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  • Nov 21, 2014
  • Updated: 11:35am
BusinessEconomy

South Korea feels effect of Europe's debt crisis as growth slows

Economy expands at 3-year low of 1.6pc amid drop in exports and investment

PUBLISHED : Saturday, 27 October, 2012, 12:00am
UPDATED : Saturday, 27 October, 2012, 3:19am

South Korea's economy grew at the slowest pace in three years as Europe's debt crisis and a slowdown in emerging markets reduced corporate investment and capped demand for exports.

Gross domestic product expanded 1.6 per cent in the three months to September from a year earlier, the slowest pace since 2009, Bank of Korea data showed yesterday. That compares with the median 1.7 per cent estimate of 13 economists surveyed. Asia's fourth-largest economy grew 0.2 per cent from a quarter ago.

Samsung Electronics, whose annual sales are the equivalent of 13 per cent of gross domestic product, yesterday reported higher-than-estimated earnings, bolstering the view that the worst of the slowdown has passed. The gains by the world's biggest maker of mobile phones may also support the government's wait-and-see stance on any further stimulus for the economy.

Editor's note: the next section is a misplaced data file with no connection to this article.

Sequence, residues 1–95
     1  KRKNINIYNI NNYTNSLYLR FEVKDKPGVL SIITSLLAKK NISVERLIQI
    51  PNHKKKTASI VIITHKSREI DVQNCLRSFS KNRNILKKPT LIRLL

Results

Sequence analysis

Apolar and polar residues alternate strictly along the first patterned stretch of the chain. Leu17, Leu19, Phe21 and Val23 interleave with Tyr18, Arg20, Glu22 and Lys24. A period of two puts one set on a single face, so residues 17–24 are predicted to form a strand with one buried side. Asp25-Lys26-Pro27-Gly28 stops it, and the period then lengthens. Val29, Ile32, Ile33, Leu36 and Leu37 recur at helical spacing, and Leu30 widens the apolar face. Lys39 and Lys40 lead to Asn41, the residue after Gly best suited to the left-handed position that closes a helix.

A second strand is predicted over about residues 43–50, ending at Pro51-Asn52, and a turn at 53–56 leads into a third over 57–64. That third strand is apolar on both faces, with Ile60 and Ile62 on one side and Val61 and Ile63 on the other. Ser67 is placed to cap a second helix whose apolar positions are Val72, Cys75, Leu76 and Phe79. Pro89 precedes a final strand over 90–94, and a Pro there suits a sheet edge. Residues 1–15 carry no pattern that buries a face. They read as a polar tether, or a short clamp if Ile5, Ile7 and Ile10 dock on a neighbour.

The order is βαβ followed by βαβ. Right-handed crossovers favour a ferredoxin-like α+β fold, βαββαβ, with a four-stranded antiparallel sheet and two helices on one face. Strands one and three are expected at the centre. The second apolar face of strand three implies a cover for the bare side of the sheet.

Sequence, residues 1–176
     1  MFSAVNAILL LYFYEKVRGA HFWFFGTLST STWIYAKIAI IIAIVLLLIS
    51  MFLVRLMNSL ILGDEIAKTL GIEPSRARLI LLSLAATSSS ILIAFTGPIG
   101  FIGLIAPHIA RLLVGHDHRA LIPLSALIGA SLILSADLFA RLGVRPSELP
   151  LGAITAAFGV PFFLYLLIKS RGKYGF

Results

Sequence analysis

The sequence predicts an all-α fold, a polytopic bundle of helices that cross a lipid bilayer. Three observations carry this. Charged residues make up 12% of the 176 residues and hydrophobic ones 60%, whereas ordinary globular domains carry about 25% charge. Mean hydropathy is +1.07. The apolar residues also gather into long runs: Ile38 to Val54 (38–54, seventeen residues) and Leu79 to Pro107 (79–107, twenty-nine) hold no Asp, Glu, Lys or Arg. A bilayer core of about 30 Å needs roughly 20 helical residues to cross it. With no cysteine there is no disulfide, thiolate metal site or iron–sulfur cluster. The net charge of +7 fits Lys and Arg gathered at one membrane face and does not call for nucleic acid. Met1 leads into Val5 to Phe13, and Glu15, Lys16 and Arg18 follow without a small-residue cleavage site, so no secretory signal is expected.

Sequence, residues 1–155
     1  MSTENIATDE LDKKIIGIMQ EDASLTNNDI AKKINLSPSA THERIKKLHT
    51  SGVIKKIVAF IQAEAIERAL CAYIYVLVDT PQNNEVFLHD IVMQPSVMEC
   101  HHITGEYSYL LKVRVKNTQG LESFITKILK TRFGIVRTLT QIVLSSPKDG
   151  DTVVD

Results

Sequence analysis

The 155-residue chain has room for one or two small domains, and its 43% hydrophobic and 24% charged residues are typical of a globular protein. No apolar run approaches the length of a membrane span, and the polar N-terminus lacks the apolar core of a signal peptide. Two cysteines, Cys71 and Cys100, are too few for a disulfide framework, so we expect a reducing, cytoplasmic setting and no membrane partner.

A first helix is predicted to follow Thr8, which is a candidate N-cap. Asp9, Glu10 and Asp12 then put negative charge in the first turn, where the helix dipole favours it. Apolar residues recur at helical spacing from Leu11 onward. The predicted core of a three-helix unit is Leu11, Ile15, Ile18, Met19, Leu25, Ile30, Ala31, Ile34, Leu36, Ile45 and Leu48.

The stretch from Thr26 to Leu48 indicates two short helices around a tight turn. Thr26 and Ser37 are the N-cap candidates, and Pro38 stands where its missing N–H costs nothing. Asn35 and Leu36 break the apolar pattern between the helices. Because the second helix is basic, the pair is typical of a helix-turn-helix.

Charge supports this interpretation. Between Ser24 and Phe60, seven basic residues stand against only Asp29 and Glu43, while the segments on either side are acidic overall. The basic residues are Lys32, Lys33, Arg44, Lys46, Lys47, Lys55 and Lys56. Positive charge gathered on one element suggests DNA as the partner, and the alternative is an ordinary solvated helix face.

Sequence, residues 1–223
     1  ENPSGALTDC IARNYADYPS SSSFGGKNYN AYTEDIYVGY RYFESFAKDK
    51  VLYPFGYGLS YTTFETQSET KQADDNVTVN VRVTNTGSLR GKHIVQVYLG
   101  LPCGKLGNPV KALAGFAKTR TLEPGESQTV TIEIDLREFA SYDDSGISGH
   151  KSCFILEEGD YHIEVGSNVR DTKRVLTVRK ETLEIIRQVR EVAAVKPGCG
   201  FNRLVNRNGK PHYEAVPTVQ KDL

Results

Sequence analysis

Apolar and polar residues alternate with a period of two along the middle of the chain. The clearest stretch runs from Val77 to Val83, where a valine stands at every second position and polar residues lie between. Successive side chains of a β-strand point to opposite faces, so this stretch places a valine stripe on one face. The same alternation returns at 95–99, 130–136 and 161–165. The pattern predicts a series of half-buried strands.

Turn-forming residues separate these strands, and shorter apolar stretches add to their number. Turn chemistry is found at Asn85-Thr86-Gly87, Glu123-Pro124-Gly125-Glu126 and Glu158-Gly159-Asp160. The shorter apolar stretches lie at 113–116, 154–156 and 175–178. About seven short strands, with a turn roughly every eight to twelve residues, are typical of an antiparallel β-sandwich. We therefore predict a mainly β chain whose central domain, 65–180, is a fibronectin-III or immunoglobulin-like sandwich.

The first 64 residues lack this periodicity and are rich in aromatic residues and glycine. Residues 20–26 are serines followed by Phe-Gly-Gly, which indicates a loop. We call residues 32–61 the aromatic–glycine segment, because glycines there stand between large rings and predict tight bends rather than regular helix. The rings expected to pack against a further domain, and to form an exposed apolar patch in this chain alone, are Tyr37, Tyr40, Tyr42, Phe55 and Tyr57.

"This confirms that the Korean economy is at the bottom," said Sun Yoo, an economist at Woori Investment & Securities. "Growth is weak but it is there, with slight upturns in exports and domestic consumption."

Consumer confidence fell to a nine-month low this month, according to a separate statement from the Bank of Korea.

The central bank lowered its forecast for the nation's growth this year to 2.4 per cent from a July estimate of 3 per cent. The economy would expand 3.2 per cent next year, and the inflation rate this year would be 2.3 per cent, below an earlier prediction of 2.7 per cent.

Finance Minister Bahk Jae-wan said this month the nation's economy might see a "weak" rebound this quarter after hitting bottom in the previous three months.

The Bank of Korea has cut interest rates twice this year and the government has unveiled 14.4 trillion won (HK$102.2 billion) of economic support measures.

The world economy would grow 3.3 per cent this year, the slowest since the 2009 recession, and 3.6 per cent next year, compared with July predictions of 3.5 per cent and 3.9 per cent respectively, the International Monetary Fund said on October 9.

It also reduced its forecasts for Korea, now projecting 2.7 per cent growth for this year and 3.6 per cent for next year.

Korea's exports fell last month for a third consecutive month from a year earlier. Sales at major department stores declined for the fourth straight month.

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